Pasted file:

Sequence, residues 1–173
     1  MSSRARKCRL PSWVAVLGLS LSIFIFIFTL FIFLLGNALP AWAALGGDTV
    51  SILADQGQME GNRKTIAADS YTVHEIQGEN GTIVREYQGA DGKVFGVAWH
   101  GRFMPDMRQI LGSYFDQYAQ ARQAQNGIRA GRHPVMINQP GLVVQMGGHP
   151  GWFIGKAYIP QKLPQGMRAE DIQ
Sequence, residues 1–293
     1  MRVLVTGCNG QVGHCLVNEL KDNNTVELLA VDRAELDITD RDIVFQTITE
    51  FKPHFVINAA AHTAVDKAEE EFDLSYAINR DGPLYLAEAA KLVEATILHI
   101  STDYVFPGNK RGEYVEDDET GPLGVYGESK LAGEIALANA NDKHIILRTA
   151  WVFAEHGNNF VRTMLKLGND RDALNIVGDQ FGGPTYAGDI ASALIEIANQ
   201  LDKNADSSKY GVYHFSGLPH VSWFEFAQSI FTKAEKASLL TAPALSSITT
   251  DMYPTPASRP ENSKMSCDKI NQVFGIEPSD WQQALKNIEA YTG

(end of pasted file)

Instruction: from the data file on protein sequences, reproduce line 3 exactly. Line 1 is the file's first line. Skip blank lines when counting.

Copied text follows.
    51  SILADQGQME GNRKTIAADS YTVHEIQGEN GTIVREYQGA DGKVFGVAWH